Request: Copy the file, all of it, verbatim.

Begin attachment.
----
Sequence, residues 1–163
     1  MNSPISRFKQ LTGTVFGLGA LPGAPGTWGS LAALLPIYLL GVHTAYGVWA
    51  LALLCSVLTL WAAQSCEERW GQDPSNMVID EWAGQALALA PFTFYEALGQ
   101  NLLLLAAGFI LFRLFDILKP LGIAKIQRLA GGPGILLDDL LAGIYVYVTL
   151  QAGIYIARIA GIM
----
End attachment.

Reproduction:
Sequence, residues 1–163
     1  MNSPISRFKQ LTGTVFGLGA LPGAPGTWGS LAALLPIYLL GVHTAYGVWA
    51  LALLCSVLTL WAAQSCEERW GQDPSNMVID EWAGQALALA PFTFYEALGQ
   101  NLLLLAAGFI LFRLFDILKP LGIAKIQRLA GGPGILLDDL LAGIYVYVTL
   151  QAGIYIARIA GIM